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# 4.7 The *ngIf Directive

Keeping with the directive theme, in this lesson we'll look at the incredibly useful *ngIf directive. This controls whether or not an element exists in the DOM.

## 10.Conclusion1 lesson, 01:32

### 4.7 The *ngIf Directive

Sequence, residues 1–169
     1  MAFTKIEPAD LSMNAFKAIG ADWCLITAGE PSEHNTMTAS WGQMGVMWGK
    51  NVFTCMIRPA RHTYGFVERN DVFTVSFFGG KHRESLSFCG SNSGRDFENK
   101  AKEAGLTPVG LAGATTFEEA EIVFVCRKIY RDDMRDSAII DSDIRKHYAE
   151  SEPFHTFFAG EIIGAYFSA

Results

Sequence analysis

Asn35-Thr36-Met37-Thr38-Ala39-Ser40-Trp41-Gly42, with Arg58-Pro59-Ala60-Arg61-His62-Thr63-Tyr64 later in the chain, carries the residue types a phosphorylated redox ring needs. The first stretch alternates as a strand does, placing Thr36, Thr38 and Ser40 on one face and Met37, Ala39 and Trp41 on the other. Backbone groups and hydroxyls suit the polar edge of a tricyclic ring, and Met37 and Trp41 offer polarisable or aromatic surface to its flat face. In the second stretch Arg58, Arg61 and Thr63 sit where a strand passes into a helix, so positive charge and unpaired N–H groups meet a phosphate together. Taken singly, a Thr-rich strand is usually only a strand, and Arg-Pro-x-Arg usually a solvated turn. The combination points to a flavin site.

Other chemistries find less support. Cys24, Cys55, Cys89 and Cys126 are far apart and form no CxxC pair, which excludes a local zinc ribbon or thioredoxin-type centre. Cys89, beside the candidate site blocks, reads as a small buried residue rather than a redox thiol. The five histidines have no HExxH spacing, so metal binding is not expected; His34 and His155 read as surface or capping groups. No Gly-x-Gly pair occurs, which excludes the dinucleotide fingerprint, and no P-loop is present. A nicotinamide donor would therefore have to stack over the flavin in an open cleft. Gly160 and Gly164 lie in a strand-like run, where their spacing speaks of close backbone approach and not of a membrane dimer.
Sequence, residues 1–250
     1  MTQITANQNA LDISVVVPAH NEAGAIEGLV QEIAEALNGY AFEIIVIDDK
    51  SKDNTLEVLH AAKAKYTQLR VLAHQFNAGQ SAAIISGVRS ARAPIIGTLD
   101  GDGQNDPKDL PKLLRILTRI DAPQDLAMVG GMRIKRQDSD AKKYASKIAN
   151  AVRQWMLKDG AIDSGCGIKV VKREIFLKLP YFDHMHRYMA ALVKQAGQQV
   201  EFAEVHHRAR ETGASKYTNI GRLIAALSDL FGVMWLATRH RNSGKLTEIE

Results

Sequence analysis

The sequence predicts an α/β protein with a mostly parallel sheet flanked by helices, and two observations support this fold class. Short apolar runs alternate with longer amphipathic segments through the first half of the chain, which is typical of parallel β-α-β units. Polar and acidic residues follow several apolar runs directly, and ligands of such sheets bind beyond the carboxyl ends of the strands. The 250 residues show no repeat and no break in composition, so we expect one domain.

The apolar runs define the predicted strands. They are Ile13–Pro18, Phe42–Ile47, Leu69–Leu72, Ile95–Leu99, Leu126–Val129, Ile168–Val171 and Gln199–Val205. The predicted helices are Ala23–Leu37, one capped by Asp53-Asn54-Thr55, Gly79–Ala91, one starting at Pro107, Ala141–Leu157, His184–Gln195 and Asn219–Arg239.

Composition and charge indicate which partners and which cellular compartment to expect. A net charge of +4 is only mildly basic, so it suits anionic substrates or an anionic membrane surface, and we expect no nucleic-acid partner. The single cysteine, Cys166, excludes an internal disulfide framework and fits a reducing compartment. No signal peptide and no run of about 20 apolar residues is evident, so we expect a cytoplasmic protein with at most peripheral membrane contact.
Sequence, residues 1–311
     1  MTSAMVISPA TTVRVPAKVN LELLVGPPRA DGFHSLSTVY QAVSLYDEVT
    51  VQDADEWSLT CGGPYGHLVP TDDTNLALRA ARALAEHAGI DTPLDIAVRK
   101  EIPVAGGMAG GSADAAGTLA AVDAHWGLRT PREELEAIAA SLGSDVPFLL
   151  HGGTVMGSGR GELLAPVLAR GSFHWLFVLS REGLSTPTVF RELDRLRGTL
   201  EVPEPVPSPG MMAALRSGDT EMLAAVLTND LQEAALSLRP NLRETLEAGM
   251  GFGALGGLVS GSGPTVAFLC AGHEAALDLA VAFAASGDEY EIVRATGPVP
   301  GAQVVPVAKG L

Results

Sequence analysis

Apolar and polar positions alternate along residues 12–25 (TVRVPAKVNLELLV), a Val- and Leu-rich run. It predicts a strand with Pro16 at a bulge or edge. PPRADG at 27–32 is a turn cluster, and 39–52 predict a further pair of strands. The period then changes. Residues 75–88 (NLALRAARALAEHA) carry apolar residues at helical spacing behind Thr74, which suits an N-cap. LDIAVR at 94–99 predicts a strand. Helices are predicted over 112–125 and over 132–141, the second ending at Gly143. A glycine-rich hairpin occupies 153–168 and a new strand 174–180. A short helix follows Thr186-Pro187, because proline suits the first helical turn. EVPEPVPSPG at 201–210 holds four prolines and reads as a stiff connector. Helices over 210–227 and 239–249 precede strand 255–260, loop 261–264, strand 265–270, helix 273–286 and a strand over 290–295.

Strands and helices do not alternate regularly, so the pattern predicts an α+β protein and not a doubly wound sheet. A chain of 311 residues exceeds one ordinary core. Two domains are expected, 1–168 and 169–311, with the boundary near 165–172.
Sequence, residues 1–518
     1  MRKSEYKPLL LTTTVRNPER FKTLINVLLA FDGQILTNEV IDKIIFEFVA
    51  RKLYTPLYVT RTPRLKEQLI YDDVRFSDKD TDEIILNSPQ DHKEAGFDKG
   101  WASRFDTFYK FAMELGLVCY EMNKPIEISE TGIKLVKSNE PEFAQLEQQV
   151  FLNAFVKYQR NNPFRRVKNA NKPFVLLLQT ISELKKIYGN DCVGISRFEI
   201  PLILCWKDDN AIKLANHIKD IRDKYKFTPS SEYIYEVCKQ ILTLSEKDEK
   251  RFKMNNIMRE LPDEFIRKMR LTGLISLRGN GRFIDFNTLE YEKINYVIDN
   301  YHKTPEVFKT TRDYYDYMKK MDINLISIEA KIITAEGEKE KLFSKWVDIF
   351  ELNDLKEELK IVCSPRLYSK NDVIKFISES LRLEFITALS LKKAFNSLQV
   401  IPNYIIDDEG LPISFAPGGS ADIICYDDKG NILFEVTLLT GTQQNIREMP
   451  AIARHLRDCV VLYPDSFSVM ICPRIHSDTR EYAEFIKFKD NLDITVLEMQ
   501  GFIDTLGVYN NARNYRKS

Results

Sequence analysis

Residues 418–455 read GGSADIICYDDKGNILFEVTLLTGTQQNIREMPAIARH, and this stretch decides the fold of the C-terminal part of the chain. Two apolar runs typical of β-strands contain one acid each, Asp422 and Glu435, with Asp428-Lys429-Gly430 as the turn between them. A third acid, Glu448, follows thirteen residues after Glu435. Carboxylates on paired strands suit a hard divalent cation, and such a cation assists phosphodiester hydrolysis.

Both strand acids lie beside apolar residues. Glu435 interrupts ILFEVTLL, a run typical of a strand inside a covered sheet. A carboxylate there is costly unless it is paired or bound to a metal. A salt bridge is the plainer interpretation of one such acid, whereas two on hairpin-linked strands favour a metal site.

Hi, folks. In this lesson we're going to take a look at a structural directive. Attribute directives, like the ones we looked at in the last lesson, the NG class or NG style directives, are applied to elements like attributes. And they change the appearance or function of the element that they are applied to. Structural directives, on the other hand, are used to create new DOM structures based on some inputs. The structural directive that we're going to look at today is ngIf. The ngIf directive is used to control whether or not an element exists in the DOM. At the moment in the example application, we are showing or hiding one of the subcomponents using the hidden attribute bindings. It's quite common instead of showing or hiding an element with hidden to instead use ngIf to make them either exist or not. Let's update the app to use ngIf instead. Let's open up the home component. And let's get rid of the hidden binding. And we can also get rid of the aria one, because when the ngIf directive is false, the element simply won't exist. So it won't be hidden, and we wont need to use aria-hidden. And let's replace those with ngIf instead. So the syntax for a structural directive uses star followed by the name of the structural directive, which in this case is ngIf. So it's *ngIf. If we forget the star, crazy things will happen, and it's quite hard to debug so you really need to get into the habit of using the star with ngIf. So we're gonna use a couple of different properties for these ones that just make more sense. I think instead of having three and having a separate one for each of these sub-components, we can just have two different states. Either the game will be started or the game will be ended. So the start screen we want to show if the game has not started and the game has not ended. With the game component, we want to show that if the game has started, And with the end component, we want to show that if the game has ended. So now we need to update the component class to match the new values that we want to reference from the template, these gameStarted and gameEnded properties And we can set both of these to false initially, and now in the startGame method, we need to set the appropriate properties. So we've got this startGame method. We are probably gonna want an end game method as well, which sets the gameEnded property to true. So let's just add that while we're here. And let's just go back to the browser now. So on the screen, we can see that nothing has changed from the last three lessons, but let's just look at the DOM of the page. So we can see that instead of the app-game and app-end components existing but being hidden, we can see that they simply don't exist in the DOM at all now. We've got these two comments here, which come from the ngIf, and that just choses what the binding property value currently is. A useful benefit of using ngIf is that we don't have to set the aria attributes, and that makes the template simpler. It also means that we can go from three properties in the class to just two, so the class is also simpler. So in this lesson, we looked at the ngIf directive, and saw that we can use it to control whether a particular element exists in the DOM of the page or not. We saw that the syntax of this directive uses the star character instead of square brackets. We also learned that we can use a property, from the class, in the expression for this directive, like we did in this example. But don't forget that we could also use a method which returns true or false, to specify whether the elements should be present or not. Thanks for watching.

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